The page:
[Date Prev][Date Next][Thread Prev][Thread Next][Date Index ][Thread Index ]

ASEAN to defy US on seat for Burma.

		ASEAN to defy US on seat for Burma

	South-East Asian governments are closing ranks in defiance of 
United States pressure to block the imminent admission of Burma to full 
membership of their regional alliance.

	Thailand yesterday joined Malaysia and Indonesia in rejecting US 
calls to stall Burmese membership of the seven-country Association of 
South-East Asian Nations because of continuing human rights violations by 
Burma's military regime.

	A meeting next month of regional foreign ministers is expected to 
endorse Burmese entry to ASEAN by as early as July.

	The US, which last week banned new American investment in Burma, 
stepped up its attack on the regime at the weekend by making its first 
public call for Burmese exclusion from ASEAN.

	A State Department spokesman, Mr Nicholas Burns, confirmed in 
Washington that the US, which has a dialogue partnership with ASEAN, was 
lobbying regional governments on the issue to give Burma "a stiff message 
that it's not welcome".

	But in a sign that the Burma issue could seriously strain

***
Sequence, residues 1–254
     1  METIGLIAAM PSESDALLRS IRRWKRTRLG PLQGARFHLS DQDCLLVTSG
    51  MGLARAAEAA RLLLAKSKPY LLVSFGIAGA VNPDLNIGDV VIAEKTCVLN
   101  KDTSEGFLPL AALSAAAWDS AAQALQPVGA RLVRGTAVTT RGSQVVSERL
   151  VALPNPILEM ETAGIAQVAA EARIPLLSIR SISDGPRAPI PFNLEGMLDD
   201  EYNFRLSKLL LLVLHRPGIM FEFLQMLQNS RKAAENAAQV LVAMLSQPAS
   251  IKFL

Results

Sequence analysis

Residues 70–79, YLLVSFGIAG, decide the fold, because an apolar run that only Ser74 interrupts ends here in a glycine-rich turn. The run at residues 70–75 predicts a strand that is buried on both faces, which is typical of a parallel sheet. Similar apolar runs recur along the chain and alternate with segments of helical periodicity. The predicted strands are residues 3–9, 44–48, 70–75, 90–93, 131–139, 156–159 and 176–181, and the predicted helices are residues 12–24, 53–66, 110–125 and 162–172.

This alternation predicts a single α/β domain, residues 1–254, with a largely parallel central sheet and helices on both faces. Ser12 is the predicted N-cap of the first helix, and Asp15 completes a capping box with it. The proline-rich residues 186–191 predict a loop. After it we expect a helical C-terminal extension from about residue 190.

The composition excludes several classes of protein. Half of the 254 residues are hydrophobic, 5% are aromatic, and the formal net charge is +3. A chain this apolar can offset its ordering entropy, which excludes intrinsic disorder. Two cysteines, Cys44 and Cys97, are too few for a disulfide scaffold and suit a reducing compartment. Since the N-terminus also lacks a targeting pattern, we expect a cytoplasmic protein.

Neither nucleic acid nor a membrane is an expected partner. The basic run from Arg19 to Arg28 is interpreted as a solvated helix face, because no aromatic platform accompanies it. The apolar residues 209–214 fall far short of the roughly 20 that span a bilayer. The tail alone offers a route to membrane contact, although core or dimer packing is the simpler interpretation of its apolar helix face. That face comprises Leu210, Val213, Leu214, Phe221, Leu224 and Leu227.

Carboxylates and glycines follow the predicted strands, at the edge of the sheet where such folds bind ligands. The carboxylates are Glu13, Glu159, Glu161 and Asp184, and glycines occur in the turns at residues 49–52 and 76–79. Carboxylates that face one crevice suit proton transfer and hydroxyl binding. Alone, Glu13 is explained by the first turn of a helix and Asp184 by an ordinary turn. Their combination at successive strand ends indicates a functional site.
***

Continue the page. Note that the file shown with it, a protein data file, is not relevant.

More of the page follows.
relations between the US and the region, ASEAN leaders are signalling 
that they will stick to their plans to admit Burma, Cambodia and Laos to 
the grouping later this year.

	The tough new US stand will further highlight Australia's 
reluctance to confront regional governments on human rights issues. The 
Federal Government last week refused to join the US investment ban.

	A spokesman for the Thai Foreign Ministry yesterday flatly 
rejected any delay in Burmese admission to ASEAN.

	"Whatever happens, Thailand maintains its standpoint to support 
Burma in becoming a member of ASEAN because we have already made the 
decision," the spokesman said. "We accept the right of the US to declare 
this, but Thailand also has the right to its position... Thailand must 
always be careful and sincere in its relations with neighboring countries."

	Malaysia, which will host meetings later this year marking 
ASEAN's 30th anniversary, is insisting that the seteriorating political 
situation in Burma should not be used to delay membership. Indonesia, 
Singapore and Vietnam have also opposed the US investment ban and 
reaffirmed their support for ASEAN's policy of "constructive engagement" 
- under which regional governments are expanding economic and political 
links in the hope of encouraging political reform in Burma.

	The Phillippine - the most democratic of the ASEAN countries - 
has not directly rejected the US call to block Burmese membership.

	The Burmese democracy leader, Ms Aung San Suu Kyi, praised the US 
investment ban and endorsed moves to keep the country out of ASEAN.

	Ms Suu Kyi, whose National League for Democracy won a landslide 
election victory in 1991 but was barred from taking power by the 
military, said human rights violations had worsened in Burma over the 
past six months. The Burmese leadership renewed calls for ASEAN to resist 
the US pressure.

[By Mark Baker, South-East Asia correspondent, Bangkok, 
Sunday, 27 April 1997].